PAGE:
I’ll never forget the first time I took a bike tour in Tuscany. It was spring, that time of the year when poppies dot the winding country roads and the vineyards extend verdant and voluptuous over the gentle hills. The long, winding roads, the herculean effort on the uphill stretches that seem to last an eternity, the joy (and relief!) upon finally reaching the top of the ridge, blessed with a cool breeze that I basked in.
Taking a bike ride in Tuscany stimulates the senses. The quietude, at first unsettling, rapidly becomes the norm, a reassuring caress of silence. Jasmine, broom and wild garlic fill the air, scents of the spring advancing into the summer. That feeling of control that wavers into the daring on steep downhill descents, the grip of your bike wheels on the Tuscan tarmac and the handlebars in your hands: the adrenaline is like no other.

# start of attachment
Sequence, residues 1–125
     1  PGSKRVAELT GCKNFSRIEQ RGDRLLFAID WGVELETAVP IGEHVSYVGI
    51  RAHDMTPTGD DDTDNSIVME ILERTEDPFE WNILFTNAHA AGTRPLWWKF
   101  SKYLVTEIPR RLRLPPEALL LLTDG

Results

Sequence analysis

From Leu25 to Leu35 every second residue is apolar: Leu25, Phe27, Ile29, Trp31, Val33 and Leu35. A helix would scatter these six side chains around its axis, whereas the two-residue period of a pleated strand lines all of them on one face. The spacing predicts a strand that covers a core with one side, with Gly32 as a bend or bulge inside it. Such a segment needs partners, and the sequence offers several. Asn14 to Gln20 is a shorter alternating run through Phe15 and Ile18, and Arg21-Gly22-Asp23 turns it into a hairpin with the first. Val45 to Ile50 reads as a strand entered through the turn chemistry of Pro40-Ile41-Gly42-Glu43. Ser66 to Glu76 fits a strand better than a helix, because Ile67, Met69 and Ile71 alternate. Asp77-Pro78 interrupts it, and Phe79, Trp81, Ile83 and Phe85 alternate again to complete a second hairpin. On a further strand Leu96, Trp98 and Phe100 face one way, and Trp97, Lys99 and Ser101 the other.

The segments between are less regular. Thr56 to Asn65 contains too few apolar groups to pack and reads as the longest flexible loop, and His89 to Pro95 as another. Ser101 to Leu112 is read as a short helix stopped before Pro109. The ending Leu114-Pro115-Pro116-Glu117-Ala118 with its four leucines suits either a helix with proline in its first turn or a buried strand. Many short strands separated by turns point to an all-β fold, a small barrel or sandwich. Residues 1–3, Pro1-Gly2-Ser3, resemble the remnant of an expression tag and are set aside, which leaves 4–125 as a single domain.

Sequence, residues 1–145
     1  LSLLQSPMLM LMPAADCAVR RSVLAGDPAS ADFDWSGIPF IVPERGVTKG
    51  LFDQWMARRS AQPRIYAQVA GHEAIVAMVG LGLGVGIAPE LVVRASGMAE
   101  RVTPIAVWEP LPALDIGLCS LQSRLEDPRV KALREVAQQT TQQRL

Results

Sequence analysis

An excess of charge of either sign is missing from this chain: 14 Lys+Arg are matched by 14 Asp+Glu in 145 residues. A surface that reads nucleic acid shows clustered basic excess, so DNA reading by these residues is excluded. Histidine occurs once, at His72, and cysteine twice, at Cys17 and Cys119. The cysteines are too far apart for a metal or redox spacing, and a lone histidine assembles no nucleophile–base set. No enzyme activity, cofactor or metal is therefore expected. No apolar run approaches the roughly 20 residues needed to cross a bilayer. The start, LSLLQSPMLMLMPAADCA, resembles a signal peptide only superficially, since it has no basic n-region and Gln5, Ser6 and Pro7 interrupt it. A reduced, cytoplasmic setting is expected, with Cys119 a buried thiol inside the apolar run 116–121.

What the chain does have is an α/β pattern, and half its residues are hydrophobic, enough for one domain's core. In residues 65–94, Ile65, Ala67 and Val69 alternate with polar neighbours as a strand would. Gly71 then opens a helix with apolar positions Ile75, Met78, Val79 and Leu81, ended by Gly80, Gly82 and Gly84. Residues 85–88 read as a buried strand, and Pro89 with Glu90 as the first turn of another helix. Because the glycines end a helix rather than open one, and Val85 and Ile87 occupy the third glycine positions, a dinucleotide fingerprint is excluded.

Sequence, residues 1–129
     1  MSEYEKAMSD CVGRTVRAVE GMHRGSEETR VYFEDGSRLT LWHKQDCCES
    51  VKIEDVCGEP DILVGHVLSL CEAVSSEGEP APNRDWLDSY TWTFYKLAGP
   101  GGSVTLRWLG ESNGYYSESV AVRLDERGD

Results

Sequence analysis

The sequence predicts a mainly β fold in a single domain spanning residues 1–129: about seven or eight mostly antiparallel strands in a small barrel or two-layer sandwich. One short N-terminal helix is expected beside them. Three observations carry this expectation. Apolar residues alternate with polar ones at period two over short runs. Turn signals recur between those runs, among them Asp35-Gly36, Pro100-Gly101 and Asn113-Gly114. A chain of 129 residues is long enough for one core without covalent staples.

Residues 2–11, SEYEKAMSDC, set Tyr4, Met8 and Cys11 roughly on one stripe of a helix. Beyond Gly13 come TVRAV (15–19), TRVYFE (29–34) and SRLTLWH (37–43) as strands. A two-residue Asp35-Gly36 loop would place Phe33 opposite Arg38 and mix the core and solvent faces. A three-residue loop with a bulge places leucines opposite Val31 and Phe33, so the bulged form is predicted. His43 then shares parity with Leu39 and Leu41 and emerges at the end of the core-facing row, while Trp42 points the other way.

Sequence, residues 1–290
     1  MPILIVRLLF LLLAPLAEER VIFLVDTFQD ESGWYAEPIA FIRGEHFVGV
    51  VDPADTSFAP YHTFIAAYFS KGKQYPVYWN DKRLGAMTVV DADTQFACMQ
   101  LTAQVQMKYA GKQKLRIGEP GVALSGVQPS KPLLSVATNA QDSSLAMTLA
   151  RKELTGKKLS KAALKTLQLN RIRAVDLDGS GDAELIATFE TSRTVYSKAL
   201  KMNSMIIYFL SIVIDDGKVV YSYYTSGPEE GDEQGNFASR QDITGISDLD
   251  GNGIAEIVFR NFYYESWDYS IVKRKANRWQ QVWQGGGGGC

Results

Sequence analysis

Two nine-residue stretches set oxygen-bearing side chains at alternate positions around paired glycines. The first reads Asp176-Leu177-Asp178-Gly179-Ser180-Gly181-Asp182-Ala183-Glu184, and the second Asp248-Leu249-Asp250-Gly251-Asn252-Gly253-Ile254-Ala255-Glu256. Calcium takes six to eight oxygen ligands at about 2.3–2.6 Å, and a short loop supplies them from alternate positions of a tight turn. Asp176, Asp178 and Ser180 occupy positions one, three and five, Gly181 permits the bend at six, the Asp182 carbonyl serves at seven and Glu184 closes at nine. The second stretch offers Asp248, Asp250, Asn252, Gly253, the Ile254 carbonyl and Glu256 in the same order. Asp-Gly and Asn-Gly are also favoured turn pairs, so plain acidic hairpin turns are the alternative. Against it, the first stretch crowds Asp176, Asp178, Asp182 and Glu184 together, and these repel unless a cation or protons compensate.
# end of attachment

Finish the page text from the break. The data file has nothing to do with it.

Even your sense of taste is challenged by the award-winning wineries you visit along the way. On a recent bike tour with Florencetown, I joined a small enthusiastic and energetic group to pedal to two of Tuscany’s loveliest wine estates, Castello San Polo and Ruffino’s Poggio Casciano. Totally different in their settings and approach: our collective thirst was quenched by authentic winemaking, from modern techniques to 100% organic production. Then, there’s the taste experience of lunch: a fulfilling break with traditional local fare, from antipasti to homemade pasta, summer fruit and grandmother’s baking.
I have a theory about why bike tours are so popular in Tuscany. Certainly, it’s thanks to the dreamlike scenery, the climbs and the descents, the pleasure and the pain. But it’s most of all it’s because of the all-round stimulation of the senses.